The government has created a list of exemptions to the compulsory 10% biodiversity increase, including major infrastructure projects, some urban brownfield sites and small developments covering less than half a hectare or with fewer than 10 residential units.
These exemptions could equate to huge swathes of land turned over to development with no requirement to protect the natural habitats.
Another potential loophole has been created through a ‘compensation’ scheme, where biodiversity work can be carried out at a site away from the development project if it’s believed that biodiversity losses are unavoidable. In some cases, this could mean that a habitat would be completely destroyed, whereas under previous legislation, some of it would have had to remain.
Particularly important habitats will continue to be protected, such as ancient woodlands, for example, but this will only apply to some exceptional areas.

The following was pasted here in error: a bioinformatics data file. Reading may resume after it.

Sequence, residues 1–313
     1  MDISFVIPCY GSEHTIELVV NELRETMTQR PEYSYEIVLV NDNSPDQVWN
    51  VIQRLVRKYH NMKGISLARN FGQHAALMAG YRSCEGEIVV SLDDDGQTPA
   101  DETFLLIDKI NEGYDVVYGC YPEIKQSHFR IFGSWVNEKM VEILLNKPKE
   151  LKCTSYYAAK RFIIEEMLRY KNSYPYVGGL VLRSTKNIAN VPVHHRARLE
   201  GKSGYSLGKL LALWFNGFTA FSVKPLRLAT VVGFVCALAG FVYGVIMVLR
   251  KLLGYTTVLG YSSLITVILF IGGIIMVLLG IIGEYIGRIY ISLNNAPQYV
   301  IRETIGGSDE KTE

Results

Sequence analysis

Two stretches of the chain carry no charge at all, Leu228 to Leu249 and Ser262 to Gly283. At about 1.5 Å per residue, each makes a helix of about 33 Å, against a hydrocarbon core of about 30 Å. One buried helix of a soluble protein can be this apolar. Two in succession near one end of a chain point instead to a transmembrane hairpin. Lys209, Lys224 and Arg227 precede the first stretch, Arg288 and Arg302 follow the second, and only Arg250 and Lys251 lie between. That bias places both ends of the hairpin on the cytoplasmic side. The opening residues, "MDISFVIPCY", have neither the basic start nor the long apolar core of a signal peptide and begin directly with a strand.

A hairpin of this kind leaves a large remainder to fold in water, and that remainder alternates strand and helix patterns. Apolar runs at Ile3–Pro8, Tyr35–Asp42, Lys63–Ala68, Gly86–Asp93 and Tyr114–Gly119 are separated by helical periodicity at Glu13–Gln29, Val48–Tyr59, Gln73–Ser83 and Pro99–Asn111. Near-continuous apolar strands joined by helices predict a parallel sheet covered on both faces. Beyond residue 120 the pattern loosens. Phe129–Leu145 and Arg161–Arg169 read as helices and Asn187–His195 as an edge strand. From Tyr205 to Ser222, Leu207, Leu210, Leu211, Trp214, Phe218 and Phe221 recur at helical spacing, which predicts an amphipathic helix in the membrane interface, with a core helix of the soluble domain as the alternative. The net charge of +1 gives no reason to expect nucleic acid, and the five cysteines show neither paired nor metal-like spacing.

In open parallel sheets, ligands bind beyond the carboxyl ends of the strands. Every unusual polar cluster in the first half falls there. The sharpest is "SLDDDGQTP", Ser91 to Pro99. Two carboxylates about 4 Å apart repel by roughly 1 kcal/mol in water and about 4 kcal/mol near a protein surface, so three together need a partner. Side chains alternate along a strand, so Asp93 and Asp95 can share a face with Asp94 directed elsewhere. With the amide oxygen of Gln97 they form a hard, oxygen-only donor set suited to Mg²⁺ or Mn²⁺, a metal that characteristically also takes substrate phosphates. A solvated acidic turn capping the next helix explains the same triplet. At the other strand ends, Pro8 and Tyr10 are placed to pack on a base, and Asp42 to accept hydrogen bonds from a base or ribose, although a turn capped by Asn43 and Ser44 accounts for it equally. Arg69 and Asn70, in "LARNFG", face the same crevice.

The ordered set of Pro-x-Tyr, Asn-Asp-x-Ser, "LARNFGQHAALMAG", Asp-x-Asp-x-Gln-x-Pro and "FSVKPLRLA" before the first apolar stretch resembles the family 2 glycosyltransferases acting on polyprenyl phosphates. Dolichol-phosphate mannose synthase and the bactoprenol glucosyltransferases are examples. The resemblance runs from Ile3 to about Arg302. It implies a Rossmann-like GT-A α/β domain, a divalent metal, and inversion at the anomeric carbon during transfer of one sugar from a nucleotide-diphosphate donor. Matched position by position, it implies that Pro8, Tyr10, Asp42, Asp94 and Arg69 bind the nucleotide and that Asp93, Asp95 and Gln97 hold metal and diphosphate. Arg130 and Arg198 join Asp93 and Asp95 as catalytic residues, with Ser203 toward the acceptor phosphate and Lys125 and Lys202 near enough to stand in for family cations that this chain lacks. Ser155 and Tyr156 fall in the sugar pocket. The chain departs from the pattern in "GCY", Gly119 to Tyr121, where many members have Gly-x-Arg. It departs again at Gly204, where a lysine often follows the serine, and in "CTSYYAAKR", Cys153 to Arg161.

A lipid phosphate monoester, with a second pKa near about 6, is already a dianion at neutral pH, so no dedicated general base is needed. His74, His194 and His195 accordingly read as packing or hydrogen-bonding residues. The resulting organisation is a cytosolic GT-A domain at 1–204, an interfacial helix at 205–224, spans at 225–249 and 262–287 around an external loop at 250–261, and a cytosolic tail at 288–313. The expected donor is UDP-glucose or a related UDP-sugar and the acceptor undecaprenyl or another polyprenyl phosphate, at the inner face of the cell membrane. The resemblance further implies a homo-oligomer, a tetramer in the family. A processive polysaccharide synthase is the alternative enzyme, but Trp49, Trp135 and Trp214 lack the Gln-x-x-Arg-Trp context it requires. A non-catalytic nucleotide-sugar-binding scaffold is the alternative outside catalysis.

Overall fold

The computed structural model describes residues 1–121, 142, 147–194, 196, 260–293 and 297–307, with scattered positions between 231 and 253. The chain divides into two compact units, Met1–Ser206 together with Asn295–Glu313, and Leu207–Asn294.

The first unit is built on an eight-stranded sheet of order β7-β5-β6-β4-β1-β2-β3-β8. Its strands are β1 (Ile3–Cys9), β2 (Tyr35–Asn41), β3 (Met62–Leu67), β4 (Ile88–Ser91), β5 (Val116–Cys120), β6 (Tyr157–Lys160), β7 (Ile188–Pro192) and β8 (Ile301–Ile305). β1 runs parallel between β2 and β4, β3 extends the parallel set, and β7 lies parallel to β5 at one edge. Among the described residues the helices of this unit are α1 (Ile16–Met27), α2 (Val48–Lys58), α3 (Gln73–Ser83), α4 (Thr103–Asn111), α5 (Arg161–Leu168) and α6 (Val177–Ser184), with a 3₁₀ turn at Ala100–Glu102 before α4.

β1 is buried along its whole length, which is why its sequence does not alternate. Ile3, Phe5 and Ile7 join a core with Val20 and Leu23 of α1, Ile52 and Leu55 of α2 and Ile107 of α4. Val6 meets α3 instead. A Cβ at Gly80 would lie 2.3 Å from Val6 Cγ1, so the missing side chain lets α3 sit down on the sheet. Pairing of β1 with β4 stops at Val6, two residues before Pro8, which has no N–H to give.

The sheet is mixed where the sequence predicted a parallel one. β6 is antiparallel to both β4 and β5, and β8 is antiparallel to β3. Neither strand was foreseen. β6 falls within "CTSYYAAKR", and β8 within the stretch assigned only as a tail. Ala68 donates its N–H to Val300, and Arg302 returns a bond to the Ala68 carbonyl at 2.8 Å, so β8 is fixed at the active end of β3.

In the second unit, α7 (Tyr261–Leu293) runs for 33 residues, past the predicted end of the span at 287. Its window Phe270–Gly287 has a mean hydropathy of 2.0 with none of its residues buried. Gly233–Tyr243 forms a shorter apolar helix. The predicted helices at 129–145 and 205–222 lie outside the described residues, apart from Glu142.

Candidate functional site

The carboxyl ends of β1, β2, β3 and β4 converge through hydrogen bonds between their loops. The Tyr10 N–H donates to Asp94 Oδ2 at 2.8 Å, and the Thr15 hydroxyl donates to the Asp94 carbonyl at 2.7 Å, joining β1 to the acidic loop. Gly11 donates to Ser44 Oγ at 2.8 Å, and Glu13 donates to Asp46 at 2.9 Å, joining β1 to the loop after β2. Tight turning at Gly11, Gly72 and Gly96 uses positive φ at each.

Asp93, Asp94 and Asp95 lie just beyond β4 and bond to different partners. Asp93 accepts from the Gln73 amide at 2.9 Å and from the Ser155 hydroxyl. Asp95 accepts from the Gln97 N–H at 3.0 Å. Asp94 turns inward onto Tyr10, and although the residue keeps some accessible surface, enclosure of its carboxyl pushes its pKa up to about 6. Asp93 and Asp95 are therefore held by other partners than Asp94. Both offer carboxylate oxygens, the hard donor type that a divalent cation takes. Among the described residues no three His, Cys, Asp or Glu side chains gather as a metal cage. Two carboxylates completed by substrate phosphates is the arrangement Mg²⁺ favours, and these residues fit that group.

As with all planning and environmental legislation, this only applies in England – devolved governments will make their own decisions. Architects, developers and others could be faced with different requirements and processes in different countries of the UK.
While we know that Biodiversity Net Gain is likely to become a compulsory part of planning legislation, it’s impossible to know when. No one knows how long it will take for the Environment Bill to be passed into law, although recent indications suggested it will be enacted in spring 2021.
However, while we wait, some larger developers are preparing for the change by increasing the work they do to protect habitats and enhance areas near their developments.
Although infrastructure developments are exempt and developers might make use of off-site ‘compensation’, we know that areas of special interest will still be protected, and overall there seems to be a desire to continue looking after biodiversity in England.
To find out more about Biodiversity Net Gain and how to incorporate it into your plans email [email protected].